How To Negotiate With An Insurance Company After An Accident

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Jan 18 2020
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You were just in an accident and the police report indicates the other driver was at fault. Yet, the diver’s insurance company doesn’t want to pay. This is to be expected. It’s what insurance companies do. To get them to pay out, it can sometimes take some tough negotiating skills to make sure you are fairly compensated.


The settlement should fairly cover the damage to the car, any injuries you have and unearned wages due to the loss of car and injuries. Before I get into the steps to get a great settlement, just a reminder that you’ll have to claim your settlement on your taxes.


Now, read on for the guide!


Contact your insurance company ASAP

If you are capable of making the call to your insurance company the day of the accident then make sure you do.


The sooner you contact them the better. You will have a clear memory of the events and can tell them exactly what happened. They will also get into contact with the other driver’s insurance company and then figure out what happens next.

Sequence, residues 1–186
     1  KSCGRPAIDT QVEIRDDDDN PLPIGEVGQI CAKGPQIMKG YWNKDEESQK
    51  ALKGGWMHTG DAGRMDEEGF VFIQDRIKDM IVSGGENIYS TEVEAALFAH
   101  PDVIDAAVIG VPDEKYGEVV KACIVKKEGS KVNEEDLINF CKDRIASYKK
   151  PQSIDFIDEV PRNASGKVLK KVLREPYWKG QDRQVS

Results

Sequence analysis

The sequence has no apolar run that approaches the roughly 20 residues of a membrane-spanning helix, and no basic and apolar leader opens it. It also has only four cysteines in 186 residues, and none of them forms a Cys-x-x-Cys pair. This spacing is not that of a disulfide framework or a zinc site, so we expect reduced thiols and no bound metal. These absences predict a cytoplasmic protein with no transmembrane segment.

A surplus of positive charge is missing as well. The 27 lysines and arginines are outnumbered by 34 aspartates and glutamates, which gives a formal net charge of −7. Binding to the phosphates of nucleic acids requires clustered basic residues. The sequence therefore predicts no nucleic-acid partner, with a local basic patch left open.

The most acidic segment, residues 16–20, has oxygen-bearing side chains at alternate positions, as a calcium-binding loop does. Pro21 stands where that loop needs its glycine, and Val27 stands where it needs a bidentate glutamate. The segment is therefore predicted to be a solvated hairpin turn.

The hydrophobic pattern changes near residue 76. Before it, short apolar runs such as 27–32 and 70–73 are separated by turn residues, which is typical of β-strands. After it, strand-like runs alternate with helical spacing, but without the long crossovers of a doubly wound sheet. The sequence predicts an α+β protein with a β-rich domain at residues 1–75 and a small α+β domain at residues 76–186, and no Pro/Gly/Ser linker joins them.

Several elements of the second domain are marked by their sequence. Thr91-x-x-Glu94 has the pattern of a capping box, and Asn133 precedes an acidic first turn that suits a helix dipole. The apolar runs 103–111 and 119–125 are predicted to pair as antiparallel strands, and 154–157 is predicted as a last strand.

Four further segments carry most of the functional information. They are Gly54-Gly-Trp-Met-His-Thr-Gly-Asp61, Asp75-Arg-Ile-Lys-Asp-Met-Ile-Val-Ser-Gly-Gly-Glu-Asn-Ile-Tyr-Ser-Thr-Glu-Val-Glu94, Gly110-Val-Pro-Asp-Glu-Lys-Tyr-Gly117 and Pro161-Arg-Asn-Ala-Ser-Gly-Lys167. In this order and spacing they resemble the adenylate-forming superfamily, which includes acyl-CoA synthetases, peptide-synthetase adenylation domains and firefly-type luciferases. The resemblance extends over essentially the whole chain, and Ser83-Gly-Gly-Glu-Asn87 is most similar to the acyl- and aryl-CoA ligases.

Of course, the other driver is sure to dispute your version of events so hopefully you have a police report from the accident. If so, then you will want to send it to your agent ASAP.


Auto accident attorney Lamber Goodnow advises that you should get in touch with a lawyer as soon as you can to make sure you have your ducks in a row.


Keep accurate records 

The more information you have logged, the better your case will be when you try to negotiate.


In addition to the police report, you should also have a record of every phone call you have with police or your insurance company. Log who you spoke with and what time, as well as the topic of the conversation.


Any trip to your mechanic should also be logged and any estimates or bills for repairs should be as clear as possible.


Then, if you had to see your doctor, make sure that you have all the documentation and diagnosis that they have given you.

Car Accident

Calculate what your settlement should be

You can put a hard number on some of the items of your case. For instance, if your car was totaled, then you should get the amount necessary to replace the same model and same year as your car. If it was fixed the amount the mechanic charged to fix the car is easy to identify.


Any income you lost due to the accident either through the lack of access to transportation to your job, or from injury can be added to that number.


If you have any out of pocket medical expenses then those need to be calculated as well.


What is harder to put a number on is the suffering you are going through. Either from pain or stress and anxiety from the accident also needs to be compensated.


Ask for 25% to 100% more than what you think you will receive since the insurance company will attempt to negotiate that amount down.

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